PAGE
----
Limerick city regains 'clean' status in 2019 litter report

Rebecca Laffan

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Rebecca Laffan

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rebecca.laffan@limerickleader.ie

Limerick city regains 'clean' status in 2019 litter report

Galvone Road was much improved, according to the latest IBAL report

LIMERICK city centre has reclaimed its clean status in the later IBAL litter survey, though some areas have been described as being in a “shocking state”. 

In the Irish Business Against Litter report, Limerick took the 24th spot in the ranking of 40 towns and cities. 

The 2019 An Taisce report for Limerick city identified “two litter blackspots”, one located at Cecil Street and another in an area on Ellen Street.

The report stated that these two areas “let down an otherwise excellent result for Limerick City, which regains its ‘Clean’ status.”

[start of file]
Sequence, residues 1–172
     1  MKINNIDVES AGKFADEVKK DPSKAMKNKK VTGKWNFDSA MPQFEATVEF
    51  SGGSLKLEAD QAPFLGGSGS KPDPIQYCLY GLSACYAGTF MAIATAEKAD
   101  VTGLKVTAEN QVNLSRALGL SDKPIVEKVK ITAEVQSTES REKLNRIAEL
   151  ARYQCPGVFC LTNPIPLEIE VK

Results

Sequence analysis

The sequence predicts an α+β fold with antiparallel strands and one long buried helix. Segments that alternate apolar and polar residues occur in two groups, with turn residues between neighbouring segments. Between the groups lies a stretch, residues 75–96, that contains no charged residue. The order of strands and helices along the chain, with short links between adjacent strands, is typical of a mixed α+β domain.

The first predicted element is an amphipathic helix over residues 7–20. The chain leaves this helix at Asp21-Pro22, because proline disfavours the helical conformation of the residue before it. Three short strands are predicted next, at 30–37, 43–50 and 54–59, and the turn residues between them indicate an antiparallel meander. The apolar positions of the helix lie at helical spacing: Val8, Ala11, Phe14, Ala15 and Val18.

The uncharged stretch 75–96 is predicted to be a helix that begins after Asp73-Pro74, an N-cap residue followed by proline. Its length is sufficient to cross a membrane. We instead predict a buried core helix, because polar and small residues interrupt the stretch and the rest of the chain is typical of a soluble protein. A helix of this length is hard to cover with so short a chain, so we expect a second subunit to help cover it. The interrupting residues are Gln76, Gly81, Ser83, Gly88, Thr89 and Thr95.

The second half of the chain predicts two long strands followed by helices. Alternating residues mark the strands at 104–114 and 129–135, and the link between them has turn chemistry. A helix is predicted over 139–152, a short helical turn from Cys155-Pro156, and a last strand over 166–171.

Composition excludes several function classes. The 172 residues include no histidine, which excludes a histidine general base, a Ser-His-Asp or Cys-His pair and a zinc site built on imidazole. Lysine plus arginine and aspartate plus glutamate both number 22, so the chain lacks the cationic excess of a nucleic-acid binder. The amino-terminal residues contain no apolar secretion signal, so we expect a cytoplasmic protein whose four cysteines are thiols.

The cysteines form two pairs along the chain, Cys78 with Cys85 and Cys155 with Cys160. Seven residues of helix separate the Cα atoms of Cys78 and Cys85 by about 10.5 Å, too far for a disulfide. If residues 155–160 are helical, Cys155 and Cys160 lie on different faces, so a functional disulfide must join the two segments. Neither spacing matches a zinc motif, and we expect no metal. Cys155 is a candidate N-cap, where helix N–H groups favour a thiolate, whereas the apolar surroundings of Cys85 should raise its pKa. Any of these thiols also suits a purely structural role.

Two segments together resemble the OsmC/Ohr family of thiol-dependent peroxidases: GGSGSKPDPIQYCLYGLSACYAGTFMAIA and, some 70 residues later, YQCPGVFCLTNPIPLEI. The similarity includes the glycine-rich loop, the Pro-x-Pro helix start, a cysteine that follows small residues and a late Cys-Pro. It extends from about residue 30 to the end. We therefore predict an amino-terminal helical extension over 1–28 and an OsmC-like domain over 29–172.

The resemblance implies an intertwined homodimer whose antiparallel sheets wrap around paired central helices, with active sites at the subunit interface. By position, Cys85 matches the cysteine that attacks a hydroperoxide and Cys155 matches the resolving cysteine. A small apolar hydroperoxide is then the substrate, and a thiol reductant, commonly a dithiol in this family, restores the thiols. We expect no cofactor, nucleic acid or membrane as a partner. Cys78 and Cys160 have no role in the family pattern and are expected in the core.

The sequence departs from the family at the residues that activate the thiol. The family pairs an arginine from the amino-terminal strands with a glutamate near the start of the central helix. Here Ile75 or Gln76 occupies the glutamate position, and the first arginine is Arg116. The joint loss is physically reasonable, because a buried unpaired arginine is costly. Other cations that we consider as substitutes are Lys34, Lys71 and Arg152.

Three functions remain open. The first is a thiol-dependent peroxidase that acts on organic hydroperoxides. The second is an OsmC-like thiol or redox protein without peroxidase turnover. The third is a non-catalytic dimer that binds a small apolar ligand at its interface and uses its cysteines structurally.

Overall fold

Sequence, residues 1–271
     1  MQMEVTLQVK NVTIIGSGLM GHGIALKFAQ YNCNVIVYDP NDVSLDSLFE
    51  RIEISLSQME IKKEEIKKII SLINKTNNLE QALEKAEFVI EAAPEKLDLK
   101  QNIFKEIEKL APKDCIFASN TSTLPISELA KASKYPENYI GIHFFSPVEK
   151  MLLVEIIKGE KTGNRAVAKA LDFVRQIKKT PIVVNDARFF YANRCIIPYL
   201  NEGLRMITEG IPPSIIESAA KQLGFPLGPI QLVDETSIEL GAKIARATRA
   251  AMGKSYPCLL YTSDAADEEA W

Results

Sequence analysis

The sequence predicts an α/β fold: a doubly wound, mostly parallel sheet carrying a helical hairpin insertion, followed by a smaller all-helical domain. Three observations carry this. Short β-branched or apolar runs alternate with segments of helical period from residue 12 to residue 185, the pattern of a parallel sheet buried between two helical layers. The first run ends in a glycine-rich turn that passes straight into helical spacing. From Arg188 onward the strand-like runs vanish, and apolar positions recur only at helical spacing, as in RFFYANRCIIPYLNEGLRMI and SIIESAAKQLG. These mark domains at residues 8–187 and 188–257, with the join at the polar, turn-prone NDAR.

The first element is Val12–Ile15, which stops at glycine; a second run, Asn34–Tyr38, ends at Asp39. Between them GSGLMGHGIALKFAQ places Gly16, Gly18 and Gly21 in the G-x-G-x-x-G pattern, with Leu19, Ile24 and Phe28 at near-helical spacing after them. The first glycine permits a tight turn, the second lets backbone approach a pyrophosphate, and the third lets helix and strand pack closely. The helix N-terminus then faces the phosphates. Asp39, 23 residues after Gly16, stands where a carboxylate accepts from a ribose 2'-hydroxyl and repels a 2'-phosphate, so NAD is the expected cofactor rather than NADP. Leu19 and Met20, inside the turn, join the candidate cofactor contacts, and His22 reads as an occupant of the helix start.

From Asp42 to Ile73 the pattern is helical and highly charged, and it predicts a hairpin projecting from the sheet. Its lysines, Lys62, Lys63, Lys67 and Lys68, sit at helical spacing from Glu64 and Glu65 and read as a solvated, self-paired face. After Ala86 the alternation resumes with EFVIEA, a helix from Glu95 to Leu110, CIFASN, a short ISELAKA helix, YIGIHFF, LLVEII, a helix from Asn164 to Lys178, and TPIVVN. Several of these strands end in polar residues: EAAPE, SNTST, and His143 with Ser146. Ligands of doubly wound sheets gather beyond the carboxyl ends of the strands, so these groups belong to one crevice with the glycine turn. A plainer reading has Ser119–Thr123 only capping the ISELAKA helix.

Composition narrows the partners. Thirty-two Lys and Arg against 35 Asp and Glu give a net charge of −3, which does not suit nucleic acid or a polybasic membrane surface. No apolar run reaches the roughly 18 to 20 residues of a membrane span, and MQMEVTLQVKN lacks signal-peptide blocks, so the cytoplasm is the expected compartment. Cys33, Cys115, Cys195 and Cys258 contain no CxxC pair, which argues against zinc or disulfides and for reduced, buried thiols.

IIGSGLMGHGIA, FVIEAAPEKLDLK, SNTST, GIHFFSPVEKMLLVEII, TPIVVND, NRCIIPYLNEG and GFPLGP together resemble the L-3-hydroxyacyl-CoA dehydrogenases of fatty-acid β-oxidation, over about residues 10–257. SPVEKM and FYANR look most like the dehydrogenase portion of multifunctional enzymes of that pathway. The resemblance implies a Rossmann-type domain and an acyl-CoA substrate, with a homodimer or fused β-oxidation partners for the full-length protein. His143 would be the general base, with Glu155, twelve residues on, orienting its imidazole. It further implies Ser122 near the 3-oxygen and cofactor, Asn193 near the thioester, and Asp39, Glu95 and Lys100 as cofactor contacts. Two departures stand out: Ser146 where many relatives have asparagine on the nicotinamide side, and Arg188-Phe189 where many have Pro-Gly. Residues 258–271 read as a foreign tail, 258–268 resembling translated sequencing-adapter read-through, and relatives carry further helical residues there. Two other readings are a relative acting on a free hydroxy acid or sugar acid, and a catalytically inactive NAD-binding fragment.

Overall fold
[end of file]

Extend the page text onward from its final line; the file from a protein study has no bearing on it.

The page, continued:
“Many of the riverside sites were not just good with regard to litter but also very well presented and maintained e.g.  Bishop’s Quay, Honan’s Quay and Clancy Strand,” it was added, “they were not just good with regard to litter but also exceptionally well presented and maintained.”  

King John’s Castle, Roches Street and William Street all got top marks, though Clare Street was described as “seriously littered.” 

The report for Galvone stated: “We continue to see a gradual improvement in Galvone generally. Galvone Road was much improved on previous IBAL litter surveys.”

The residential area of O’Malley Park was said to be “somewhat improved, but still littered.”

In addition, Kennedy Park was said to be “very good”, though a Galvone Business Park/Industrial Estate was deemed “a litter blackspot” due to the dumping at the end of the estate. 

“It was in a shocking state, and this has been highlighted before. Where does responsibility for this area lie as the remainder of the estate was generally good with regard to litter?” it was asked. 

The recycling facility at Roxboro Shopping Centre was also described as “a very poor site” in the report, with it being added that “it wasn’t just casually littered, but subject to dumping.”

Chewing gum was “very pronounced” in many areas of the city centre and riverside sites, it was also noted in the report which saw Kilkenny take top spot.